Given a truly spectacular oceanfront site on Hawaiiâs Big Islandâset along an ancient footpath, atop a hardened lava flow, with views of sky, sun, and water for daysâyou would think that the design team could just lay back and chill. How could you screw it up? A hut would nearly suffice.
Turns out it took nearly three years to perfect a Kona Coast vacation home on just such a plot for a couple based in Portland, Oregon. The clientsâ wait was rewarded with spectacular results. Architecture and interior are ultramodern and yet rely heavily on traditional materials and touchstones. Old and new ebb and flow as easily as the tides right outside the home's copious sliding-glass doors.
Principal Greg Warner of Walker Warner Architects and Philpotts Interiors partner Marion Philpotts-Miller approached the project in a thoughtful and methodical manner. âWe call it the 'Village,'â Warner says of the unusual arrangement, a grouping of four separate structures linked by a lush courtyard and a series of walkways and patios. Indeed, traditional Hawaiian villages, typically organized in loose clusters, inspired both the site plan and the daring architectural style, an angular composition of canted steel columns, steep-pitched roofs, and rhomboidal window and door openings. âThe structures represent a contemporary interpretation of early hale shelters,â Warner says. âTheyâre like modernist lean-tos.â
The clients wanted to use the compound to entertain friends and family. But they also desired privacy. So, Warner located the volumes housing the master suite and the main living areas on the siteâs ocean side. Set back deeper in the property are pods containing the two guest suites and communal relaxation areas. Bedrooms open onto concrete-walled private courts for additional seclusion. The parcel of land isnât hugeâaround 1âÂœ acresâand the buildable area is much smaller; in total, interiors encompass approximately 4,800 square feet. But the arrangement (not to mention the sweeping views) makes the three-bedroom residence feel expansive.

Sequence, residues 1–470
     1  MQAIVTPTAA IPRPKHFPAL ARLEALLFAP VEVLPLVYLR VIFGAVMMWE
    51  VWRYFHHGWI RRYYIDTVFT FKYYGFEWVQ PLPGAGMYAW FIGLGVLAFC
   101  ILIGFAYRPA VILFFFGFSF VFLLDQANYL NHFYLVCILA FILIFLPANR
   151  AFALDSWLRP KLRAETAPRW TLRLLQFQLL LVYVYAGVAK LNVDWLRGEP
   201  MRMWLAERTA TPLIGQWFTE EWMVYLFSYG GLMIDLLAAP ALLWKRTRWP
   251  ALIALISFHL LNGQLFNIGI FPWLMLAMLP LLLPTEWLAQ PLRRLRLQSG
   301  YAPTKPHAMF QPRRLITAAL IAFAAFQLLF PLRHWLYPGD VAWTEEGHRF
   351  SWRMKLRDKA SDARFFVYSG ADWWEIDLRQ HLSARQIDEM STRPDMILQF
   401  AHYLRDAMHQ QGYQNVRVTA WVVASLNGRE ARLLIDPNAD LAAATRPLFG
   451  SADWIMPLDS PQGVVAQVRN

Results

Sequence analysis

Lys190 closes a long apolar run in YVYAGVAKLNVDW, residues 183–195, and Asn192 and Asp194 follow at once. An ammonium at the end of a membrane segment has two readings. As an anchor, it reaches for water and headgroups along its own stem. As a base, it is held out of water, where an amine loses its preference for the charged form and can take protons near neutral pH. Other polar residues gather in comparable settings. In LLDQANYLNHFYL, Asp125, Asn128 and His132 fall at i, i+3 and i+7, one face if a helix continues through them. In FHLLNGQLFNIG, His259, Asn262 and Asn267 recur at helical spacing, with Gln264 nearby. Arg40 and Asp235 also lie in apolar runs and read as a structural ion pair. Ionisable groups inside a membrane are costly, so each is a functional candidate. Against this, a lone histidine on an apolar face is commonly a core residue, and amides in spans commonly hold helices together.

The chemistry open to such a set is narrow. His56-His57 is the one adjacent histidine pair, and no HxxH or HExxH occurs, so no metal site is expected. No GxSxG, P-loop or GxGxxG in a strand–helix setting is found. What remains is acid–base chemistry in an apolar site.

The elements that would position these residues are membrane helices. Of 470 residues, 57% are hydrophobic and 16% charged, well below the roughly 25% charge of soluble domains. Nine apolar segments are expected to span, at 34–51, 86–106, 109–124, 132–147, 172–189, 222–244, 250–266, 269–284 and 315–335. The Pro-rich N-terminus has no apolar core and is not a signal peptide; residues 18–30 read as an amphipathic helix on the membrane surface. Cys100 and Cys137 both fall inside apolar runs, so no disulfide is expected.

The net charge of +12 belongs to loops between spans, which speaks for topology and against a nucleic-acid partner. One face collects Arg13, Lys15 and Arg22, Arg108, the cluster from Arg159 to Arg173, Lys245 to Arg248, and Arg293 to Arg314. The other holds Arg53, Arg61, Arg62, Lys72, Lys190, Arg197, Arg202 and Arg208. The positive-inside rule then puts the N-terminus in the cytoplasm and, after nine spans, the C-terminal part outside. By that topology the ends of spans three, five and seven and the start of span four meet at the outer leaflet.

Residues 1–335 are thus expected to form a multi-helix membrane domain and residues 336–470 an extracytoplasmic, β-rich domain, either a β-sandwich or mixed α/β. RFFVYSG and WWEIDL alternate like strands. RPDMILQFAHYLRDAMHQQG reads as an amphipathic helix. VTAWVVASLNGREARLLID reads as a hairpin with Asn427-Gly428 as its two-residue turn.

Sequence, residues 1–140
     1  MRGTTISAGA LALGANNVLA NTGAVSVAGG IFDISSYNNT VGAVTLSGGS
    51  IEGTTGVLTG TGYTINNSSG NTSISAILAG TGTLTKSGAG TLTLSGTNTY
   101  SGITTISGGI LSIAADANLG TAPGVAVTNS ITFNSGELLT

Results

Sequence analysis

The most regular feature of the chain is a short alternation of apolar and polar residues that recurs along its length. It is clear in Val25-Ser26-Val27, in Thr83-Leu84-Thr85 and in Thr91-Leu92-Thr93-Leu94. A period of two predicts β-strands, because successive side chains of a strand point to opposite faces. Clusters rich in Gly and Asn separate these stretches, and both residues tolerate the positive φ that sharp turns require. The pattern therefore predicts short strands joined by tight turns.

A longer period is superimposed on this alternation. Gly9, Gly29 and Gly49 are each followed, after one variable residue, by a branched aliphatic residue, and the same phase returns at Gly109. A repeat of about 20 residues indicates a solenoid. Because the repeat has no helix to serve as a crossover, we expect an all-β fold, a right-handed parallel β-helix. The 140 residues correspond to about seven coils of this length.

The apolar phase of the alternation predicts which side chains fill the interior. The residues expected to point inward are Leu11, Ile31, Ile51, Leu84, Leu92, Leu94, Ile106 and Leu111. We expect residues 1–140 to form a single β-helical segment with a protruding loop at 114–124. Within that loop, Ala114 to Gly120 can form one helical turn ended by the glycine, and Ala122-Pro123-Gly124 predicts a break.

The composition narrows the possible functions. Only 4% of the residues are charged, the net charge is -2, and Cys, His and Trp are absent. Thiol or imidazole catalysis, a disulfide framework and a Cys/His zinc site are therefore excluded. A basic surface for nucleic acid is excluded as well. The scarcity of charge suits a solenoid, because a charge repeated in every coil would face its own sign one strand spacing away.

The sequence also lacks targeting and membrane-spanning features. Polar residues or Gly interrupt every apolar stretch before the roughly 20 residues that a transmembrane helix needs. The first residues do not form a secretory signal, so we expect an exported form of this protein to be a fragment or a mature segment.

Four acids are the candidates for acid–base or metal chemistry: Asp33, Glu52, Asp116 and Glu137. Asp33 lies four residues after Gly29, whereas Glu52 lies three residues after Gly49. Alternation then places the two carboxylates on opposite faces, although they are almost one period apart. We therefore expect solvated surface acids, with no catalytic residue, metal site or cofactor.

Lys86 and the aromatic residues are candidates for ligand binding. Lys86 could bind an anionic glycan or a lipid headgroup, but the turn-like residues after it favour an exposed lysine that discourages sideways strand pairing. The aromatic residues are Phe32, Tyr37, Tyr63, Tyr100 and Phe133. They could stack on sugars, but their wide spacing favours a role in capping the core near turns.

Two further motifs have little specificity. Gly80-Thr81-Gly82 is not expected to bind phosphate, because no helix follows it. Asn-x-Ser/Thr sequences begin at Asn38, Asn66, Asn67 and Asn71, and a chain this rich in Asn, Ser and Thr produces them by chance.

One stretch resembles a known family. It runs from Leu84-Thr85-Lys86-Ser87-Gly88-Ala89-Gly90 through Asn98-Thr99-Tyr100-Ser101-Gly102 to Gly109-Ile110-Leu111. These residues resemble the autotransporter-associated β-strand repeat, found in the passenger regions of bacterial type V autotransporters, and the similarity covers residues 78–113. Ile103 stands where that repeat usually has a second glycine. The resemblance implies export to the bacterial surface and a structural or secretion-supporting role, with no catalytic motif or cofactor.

The rugged rock walls of historic Mokuaikaua Church, located in nearby Kailua, inspired the primary building materials: lava rock and other stones mortared with lime putty. Warner and his former colleague, senior project manager David Shutt, also chose durable Western red cedar as the dominant woodâboth for cladding and the roof shinglesâsince it resists heat, moisture, and insects. Inside, stained and lightly polished concrete flooring keeps things cool during the day.
As for the decor, Philpotts-Miller and her team were inspired by what she describes as the âadventurous natureâ of the clients. Accordingly, âthe use of color is very playful and dynamic,â she says. In the rec room, for instance, custom surfboards are mounted on the wall like artworks.
Otherwise, the scheme is no-frills, simple, and airy, with a midcentury vibe that Philpotts-Miller explains was inspired by the work of Hawaiian modernist Vladimir Ossipoff. And the rooms arenât stuffed to the gills with furnishings. âBecause the architecture is so thoughtfully put together and thereâs so much natural texture, we didnât need to load up the interiors,â Philpotts-Miller continues. She is particularly proud of how the living room riffs on an abstract oil on canvas by Lee Kelly. âWe really let that piece define the palette,â she says. Note the neutral-toned Christian Liaigre oak sofa and wenge lounge chairs, plus a custom wool-cotton rug in a funky orange hue. âAll the furniture is in harmony and set up to celebrate the view,â she summarizes.
The master bedroom is likewise grounded with earthy, timber-toned accentsâwhitewashed wood wall paneling, a walnut benchâand also lifted via a sky-blue rug and throw pillows. Philpotts-Miller and her team designed the projectâs biggest pieces, including the master suiteâs clean-lined bed with raffia and white-oak headboard, as well as the living roomâs cocktail table in butterfly-jointed Australian mahogany.
By design, thereâs very little barrier between indoors and out. Sapele-framed sliders glide open to the elements, and operable windows swivel to coax in the breeze and encourage cross ventilation. âThe living room unfurls to become porchlike,â Warner adds, noting the continuity of floor and ceiling materials between interiors and adjacent alfresco sp